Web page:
Written by Don Byrd
A chaplain in the Air Force Reserves has published a troubling column expressing his view that those who support the rights of all Americans to practice their faith are “counterfeit Christians” who “appeal to the Constitution and not to Christ.”
Chaplain Sonny Hernandez writes:
[I]s it wrong for a professing Christian service member to say, “I support the rights of all Americans to practice their faith since the Constitution protects their rights?” Absolutely!
This idea, particularly coming from a military chaplain, is outrageous on its face for many reasons. Here are a few thoughts that come to mind in response.
First, Capt. Hernandez is of course free to believe according to his conscience and faith, including his belief that American Jews and Muslims, for example, are “unbelievers” who “worship false gods that will lead them to hell.” The controversial issue of salvation for non-Christians is a question of Christian theology, not public policy. As i have discussed in recent posts (here and here), personal theological beliefs do not disqualify an individual from public service. However, Hernandez’s post goes well beyond questions of theology. He encourages Christian service members to refuse support for the “rights of all Americans.” Though he does not explain what that refusal should look like, it suggests conduct that could impact fundamental liberties guaranteed by the Constitution.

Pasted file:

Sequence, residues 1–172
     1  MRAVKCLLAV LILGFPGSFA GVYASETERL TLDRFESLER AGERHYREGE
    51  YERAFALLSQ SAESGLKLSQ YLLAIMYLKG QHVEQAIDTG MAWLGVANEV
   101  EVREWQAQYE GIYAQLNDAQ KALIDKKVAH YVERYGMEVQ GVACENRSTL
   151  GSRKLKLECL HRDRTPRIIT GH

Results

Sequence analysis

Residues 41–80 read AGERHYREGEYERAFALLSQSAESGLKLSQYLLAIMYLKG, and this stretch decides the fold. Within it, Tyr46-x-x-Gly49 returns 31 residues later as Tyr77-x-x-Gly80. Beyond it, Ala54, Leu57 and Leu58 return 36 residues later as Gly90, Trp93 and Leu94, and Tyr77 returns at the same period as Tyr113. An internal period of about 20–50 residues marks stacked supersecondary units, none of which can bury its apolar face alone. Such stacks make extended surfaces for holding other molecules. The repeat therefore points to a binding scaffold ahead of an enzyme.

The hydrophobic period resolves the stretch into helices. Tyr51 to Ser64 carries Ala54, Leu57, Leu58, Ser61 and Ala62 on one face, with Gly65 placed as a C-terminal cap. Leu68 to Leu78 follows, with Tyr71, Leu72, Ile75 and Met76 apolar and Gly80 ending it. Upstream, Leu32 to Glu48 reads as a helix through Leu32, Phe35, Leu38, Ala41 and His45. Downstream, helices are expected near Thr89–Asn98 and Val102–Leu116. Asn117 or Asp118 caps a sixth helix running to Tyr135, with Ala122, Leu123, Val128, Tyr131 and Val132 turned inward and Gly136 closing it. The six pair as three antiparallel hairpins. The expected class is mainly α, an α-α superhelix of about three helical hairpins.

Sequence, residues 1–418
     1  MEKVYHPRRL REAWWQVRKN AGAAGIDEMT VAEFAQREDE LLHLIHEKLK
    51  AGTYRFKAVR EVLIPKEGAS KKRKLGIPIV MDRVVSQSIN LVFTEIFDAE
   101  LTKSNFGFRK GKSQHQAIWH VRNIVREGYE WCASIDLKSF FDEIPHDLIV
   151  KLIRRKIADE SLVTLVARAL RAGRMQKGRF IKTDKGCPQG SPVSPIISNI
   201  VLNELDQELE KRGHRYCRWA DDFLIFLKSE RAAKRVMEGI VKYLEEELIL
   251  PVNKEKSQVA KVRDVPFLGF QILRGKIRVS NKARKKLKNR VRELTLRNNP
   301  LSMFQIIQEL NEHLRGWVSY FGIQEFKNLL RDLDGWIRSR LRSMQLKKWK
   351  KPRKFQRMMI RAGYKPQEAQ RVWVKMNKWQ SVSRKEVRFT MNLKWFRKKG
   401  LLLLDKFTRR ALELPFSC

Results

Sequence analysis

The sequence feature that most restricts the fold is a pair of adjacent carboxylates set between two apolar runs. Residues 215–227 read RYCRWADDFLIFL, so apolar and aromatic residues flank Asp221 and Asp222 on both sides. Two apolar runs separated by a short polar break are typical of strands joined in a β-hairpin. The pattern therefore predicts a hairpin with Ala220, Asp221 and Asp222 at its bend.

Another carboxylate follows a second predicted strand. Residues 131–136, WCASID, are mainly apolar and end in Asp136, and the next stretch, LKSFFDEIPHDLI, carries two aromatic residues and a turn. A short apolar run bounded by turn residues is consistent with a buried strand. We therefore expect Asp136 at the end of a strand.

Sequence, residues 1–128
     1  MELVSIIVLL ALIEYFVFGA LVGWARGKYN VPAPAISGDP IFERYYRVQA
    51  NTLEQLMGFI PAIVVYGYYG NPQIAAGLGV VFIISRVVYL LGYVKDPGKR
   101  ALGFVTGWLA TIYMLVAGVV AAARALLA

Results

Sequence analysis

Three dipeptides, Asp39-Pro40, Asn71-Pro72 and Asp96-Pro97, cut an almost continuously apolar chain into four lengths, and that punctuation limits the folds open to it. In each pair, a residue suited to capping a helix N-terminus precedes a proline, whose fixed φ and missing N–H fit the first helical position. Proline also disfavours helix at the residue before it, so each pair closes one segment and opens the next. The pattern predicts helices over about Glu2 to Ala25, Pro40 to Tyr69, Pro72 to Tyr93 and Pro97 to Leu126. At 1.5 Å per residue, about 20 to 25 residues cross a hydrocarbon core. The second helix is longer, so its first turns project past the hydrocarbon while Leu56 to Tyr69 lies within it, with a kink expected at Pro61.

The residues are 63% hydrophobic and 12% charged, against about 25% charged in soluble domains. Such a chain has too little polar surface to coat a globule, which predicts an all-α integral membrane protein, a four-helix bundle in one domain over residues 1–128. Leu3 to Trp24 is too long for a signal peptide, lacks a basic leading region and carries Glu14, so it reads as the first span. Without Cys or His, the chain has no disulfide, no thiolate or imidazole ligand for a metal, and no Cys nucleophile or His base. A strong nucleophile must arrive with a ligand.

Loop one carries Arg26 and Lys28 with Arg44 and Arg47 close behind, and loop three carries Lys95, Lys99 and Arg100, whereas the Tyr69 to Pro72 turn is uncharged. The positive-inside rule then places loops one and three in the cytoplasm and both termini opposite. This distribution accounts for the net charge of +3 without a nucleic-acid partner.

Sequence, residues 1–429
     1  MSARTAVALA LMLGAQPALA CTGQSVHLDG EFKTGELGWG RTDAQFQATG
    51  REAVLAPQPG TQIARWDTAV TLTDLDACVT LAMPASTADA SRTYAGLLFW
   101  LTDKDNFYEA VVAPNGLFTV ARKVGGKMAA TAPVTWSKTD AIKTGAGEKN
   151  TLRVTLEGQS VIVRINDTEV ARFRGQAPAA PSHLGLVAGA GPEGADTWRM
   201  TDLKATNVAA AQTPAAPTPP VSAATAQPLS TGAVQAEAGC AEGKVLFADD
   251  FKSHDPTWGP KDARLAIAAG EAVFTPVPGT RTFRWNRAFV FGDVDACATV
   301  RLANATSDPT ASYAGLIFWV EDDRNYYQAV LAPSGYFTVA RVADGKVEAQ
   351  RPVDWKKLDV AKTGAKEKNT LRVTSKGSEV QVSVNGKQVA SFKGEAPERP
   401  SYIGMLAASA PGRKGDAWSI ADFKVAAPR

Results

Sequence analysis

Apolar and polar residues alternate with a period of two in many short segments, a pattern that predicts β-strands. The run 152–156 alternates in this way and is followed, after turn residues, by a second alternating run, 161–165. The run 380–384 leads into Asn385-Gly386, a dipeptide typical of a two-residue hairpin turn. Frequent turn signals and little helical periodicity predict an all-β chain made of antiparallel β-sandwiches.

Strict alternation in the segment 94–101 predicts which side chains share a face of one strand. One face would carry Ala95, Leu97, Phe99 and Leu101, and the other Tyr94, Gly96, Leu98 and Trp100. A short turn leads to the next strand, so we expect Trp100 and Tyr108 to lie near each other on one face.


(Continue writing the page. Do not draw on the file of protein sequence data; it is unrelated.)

Second, the duties of a military chaplain include ministering to those in their charge without regard to their religious beliefs (or lack of beliefs). The endorsement required for all chaplains must certify that the applicant is “willing to function in a pluralistic environment as defined in this Instruction and to support directly and indirectly the free exercise of religion by all members of the Military Services, their family members, and other persons authorized to be served by the military chaplaincies.” (my emphasis)
In other words, the chaplaincy may not be for everyone. Some Christian ministers may not feel comfortable counseling those who profess a different faith. That’s ok. But for those who do enter this important field of public service, a sensitivity to religious pluralism is a necessity, precisely because the U.S. Constitution does protect the rights of all Americans, including service members, to practice their faith or to practice no faith, whether Hernandez likes it or not.
Lastly, and maybe most importantly, supporting the right of all Americans to practice their faith is not inconsistent with Christianity. Hernandez’s claim otherwise is belied by the many committed Christians devoted to the defense of religious liberty for all. Protecting and supporting the rights of non-Christians does not damage the Body of Christ. In fact, ensuring religious liberty for all Americans only increases the vitality of our faith. Religion must be voluntary to be a true and authentic expression of soul freedom.
Denying the rights of non-Christians is an offense to American liberty. But it also undermines the strength of the Christian faith by suggesting it is threatened by a truly free conscience. The success of a religion should not depend on the extent to which the rights of others are restricted. All faiths are stronger – Christianity included – when all are allowed to flourish on an equal footing, when the government is committed to religious liberty for all, when souls are free to follow their conscience.